Predatory Islamic State Wrings Money From Those It Rules
Across wide expanses of Syria and Iraq, the Islamic State, with the goal of building a credible government, has set up a predatory and violent bureaucracy that wrings every last American dollar, Iraqi dinar and Syrian pound it can from those who live under its control or pass through its territory.
Interviews with more than a dozen people living inside or recently escaped from the Islamic State-controlled territory, and Western and Middle Eastern officials who track the militants’ finances, describe the group as exacting tolls and traffic tickets; rent for government buildings; utility bills for water and electricity; taxes on income, crops and cattle; and fines for smoking or wearing the wrong clothes.
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“We are nonviolent activists. We can’t fight Daesh with weapons. We can only fight them with words,” he said, using an Arabic acronym for the Islamic State. “To defeat us, they would have to shut down the Internet. And they can’t do that because all of them use the Internet.”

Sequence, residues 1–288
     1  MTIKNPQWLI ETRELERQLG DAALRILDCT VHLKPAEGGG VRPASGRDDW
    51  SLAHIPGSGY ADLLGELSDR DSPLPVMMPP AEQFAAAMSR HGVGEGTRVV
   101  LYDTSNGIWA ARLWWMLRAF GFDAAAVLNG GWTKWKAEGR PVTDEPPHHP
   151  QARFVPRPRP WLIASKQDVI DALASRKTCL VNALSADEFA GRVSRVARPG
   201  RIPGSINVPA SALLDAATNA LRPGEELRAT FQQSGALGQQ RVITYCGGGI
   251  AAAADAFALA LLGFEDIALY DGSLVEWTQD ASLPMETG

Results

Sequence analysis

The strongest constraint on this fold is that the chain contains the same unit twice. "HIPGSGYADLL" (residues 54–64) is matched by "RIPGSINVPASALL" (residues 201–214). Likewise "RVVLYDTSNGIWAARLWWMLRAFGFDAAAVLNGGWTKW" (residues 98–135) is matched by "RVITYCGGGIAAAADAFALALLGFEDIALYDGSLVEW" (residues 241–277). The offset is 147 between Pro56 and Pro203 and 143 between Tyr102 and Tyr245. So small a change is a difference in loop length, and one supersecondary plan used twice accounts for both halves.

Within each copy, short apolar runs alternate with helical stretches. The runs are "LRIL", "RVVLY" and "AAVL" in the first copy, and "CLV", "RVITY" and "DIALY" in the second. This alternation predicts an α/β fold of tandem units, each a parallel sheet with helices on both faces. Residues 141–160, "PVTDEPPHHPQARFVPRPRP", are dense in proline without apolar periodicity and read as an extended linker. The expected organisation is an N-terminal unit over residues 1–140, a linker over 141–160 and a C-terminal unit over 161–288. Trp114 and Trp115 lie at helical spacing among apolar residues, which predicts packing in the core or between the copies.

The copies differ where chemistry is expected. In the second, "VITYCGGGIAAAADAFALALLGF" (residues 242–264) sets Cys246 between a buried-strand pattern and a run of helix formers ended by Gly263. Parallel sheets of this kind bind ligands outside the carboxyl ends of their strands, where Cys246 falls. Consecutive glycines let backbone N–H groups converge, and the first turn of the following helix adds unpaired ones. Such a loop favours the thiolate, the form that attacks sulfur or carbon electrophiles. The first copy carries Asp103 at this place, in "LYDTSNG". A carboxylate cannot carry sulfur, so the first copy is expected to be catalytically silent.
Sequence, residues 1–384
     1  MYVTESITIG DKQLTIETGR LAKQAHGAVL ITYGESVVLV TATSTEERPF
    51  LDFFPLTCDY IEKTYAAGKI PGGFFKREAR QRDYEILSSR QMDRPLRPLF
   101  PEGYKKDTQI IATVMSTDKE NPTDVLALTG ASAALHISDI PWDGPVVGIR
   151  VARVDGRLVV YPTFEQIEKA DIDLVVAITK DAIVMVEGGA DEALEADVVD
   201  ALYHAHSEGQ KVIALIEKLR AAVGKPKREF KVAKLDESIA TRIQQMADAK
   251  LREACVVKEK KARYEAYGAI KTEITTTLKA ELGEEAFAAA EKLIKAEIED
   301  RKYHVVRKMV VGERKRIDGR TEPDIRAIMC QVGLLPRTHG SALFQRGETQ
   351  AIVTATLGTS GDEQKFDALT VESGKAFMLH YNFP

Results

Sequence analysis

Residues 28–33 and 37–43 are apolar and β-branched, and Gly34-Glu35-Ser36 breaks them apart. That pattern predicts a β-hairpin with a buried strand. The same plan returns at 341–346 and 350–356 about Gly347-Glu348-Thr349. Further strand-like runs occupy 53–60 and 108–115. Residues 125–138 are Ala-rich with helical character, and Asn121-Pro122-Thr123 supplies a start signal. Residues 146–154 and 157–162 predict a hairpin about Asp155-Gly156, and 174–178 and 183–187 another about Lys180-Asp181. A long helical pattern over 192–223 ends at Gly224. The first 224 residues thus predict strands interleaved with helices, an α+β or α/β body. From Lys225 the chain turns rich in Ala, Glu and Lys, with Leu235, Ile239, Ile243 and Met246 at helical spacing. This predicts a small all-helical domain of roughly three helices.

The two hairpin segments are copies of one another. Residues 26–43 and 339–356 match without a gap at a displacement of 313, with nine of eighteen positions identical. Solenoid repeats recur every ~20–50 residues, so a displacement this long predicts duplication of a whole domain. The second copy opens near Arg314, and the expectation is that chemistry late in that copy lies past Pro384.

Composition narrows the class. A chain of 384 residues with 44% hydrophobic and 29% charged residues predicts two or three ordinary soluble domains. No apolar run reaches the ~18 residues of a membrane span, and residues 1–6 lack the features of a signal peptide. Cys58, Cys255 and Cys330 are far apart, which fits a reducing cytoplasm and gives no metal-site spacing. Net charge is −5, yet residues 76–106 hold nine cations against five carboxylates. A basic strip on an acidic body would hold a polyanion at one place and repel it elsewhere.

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of the insurgencies that provided education and health care, nearly 72 percent of insurgencies provided education to civilians, and just over 71 percent of rebel movements provided health care. In other words, if an insurgent group provides social services, they are more likely to offer these services to civilians. Once an insurgency acquired territory, nearly 49 percent would ensure that the civilian population received education or medical care, consistent with recent research on rebel governance.
ISIS thinks education and health care are roles of government.